There was an article in Bloomberg earlier this week that called into question the performance of a 2015 SoFi securitization. Given that I have always held SoFi out as the gold standard in industry performance I was surprised to read about these issues. So, I did some digging and discovered that Matt Scully (the author) did not provide the complete story.
Now, before I go any further I should point out that I am fully aware that many securitization deals closed in recent years have performed below expectations and that some platforms have breached triggers significantly. But that is not what happened here.
We are talking about the very first securitization of SoFi’s unsecured consumer loans that closed in August 2015 and was issued by SoFi Consumer Loan Program 2015-1 LLC or SCLP 2015-1 for short. It was a private unrated securitization. Sources familiar with this deal said it was a one-off deal organized between the debt buyer and the equity holder. It had unusually tight triggers but this was part of the negotiation of the deal and SoFi did not actually set these triggers.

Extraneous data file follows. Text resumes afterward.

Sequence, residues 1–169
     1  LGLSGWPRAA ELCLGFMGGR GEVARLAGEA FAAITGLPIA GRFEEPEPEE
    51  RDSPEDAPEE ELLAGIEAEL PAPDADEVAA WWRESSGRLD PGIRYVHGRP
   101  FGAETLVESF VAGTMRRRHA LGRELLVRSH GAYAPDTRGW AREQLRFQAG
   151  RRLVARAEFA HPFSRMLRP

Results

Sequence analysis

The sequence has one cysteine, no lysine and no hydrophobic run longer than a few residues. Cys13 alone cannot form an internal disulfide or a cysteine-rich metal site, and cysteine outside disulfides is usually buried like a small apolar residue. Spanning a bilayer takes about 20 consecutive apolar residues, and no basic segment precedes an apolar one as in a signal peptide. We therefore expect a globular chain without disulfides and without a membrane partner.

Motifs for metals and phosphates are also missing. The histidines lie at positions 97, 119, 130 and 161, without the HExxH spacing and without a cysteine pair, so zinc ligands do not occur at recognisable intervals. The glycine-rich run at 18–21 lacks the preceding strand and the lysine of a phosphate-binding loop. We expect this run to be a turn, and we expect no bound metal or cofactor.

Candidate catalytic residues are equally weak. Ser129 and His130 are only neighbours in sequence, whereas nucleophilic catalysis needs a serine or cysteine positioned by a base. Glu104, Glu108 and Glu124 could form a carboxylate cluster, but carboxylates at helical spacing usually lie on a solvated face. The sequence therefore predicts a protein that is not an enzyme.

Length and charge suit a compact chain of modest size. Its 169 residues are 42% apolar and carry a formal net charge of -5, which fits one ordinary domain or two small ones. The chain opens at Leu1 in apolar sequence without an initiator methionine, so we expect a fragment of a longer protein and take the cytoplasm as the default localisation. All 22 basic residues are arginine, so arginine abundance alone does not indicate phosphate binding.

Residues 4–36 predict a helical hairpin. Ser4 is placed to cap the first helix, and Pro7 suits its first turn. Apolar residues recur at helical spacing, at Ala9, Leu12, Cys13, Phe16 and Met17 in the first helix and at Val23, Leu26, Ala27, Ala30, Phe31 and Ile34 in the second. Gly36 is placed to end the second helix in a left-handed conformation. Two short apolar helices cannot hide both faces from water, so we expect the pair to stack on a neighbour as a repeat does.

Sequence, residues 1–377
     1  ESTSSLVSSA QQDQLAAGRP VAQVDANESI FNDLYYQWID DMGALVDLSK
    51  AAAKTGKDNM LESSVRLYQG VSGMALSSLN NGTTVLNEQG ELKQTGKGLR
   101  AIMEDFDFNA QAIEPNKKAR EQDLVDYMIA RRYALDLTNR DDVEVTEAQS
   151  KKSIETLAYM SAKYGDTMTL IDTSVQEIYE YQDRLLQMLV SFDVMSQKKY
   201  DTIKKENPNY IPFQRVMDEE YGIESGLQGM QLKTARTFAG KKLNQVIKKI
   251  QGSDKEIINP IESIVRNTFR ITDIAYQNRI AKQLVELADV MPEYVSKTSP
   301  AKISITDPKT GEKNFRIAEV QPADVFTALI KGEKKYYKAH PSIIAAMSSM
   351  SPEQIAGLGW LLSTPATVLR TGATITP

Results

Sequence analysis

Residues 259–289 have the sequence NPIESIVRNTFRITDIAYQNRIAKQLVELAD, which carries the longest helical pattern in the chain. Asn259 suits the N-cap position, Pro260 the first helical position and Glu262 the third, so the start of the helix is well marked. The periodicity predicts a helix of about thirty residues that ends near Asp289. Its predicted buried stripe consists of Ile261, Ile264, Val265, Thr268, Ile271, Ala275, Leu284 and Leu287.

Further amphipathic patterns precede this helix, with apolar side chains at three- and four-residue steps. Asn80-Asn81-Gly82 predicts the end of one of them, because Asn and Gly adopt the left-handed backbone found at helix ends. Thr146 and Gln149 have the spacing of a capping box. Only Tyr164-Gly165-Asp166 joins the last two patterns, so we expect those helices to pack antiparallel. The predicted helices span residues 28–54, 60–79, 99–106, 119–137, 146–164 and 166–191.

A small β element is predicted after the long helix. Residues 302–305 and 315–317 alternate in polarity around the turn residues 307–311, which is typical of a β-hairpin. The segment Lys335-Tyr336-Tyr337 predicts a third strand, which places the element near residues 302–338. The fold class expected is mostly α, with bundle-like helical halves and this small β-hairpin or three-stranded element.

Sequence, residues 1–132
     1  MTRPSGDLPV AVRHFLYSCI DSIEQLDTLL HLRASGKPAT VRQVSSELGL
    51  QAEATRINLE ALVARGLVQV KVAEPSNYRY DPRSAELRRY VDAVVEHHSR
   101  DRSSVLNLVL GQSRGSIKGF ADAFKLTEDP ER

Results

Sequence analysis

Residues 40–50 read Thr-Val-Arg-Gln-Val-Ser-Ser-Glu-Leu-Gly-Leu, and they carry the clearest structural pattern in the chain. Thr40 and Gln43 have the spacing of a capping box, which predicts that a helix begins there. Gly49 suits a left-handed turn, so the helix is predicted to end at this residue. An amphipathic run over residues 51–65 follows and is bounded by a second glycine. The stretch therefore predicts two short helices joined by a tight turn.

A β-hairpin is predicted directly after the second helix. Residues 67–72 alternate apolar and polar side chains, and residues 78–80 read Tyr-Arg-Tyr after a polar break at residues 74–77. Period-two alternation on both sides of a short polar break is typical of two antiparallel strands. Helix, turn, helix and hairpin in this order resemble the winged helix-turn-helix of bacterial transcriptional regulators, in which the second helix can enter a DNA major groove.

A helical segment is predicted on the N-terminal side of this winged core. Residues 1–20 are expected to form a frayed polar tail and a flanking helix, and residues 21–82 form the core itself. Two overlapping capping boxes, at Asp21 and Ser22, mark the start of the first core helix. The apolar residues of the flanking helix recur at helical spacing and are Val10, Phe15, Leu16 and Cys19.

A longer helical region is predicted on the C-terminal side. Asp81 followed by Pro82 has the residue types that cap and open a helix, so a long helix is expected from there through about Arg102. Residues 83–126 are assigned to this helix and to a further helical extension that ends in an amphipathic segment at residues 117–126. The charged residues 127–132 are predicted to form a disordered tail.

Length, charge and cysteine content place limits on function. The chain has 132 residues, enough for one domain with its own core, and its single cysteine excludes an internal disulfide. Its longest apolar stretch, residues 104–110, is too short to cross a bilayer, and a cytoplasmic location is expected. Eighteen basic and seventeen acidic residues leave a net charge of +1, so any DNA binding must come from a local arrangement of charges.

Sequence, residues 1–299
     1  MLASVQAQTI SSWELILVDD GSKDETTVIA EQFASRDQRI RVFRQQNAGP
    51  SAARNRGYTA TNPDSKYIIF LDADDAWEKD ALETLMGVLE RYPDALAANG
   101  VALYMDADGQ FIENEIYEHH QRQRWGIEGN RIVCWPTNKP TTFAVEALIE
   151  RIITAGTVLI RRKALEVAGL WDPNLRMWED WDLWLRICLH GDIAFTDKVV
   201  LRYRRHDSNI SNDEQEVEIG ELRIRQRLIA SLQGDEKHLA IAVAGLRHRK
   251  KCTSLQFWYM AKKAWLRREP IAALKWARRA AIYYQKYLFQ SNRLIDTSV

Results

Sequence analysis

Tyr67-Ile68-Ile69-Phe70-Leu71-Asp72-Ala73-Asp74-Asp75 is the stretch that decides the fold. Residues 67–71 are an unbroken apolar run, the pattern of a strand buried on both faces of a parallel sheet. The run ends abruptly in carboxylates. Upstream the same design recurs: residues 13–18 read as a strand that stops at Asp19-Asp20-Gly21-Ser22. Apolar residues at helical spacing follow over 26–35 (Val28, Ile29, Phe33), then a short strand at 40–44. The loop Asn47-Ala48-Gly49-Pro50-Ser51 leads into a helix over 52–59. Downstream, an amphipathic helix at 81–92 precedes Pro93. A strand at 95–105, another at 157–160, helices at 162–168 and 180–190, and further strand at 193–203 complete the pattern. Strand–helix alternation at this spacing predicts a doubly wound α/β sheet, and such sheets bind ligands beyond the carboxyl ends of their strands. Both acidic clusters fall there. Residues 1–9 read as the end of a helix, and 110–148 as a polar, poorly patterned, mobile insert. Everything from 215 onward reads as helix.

The Cumulative Net Loss (CNL) trigger for this deal in February was very low, reportedly below 3% and the actual CNL for February barely went above these low trigger points. But what is more important is that it is misleading to use this case as another example of underperformance. As I said this was a one-off deal between a motivated buyer and seller and was much tighter than subsequent deals.
Look at this chart below from the latest PeerIQ newsletter (reproduced here with permission). In this newsletter PeerIQ was examining a new securitization of Lending Club loans but they included a fascinating chart that demonstrates what a one-off SCLP 2015-1 was.
The gray line shows the CNL triggers for SCLP 2015-1 and the orange line shows the latest SoFi deal SCLP 2017-2. As you can see for the deal age (around 18 months) the triggers for new deals are almost double what they were in SCLP 2015-1.
Now, I should point out that while this deal was unrated, Kroll Bond Rating Agency did assign a rating to SCLP 2015-1 in November last year. At the request of the senior bondholder (who owned the entire senior tranche) Kroll assigned a single A rating to the senior bonds. Apparently that rating is not in jeopardy.
One final point. Because the triggers were barely breached it is quite possible that in coming months future triggers will not be breached and the deal will cure. The reality is that triggers were not set at the appropriate level for this deal. SoFi did not set these triggers and likely did not agree with them as they were negotiated directly between the buyer and the seller. So to read anything into this particular breach is misleading.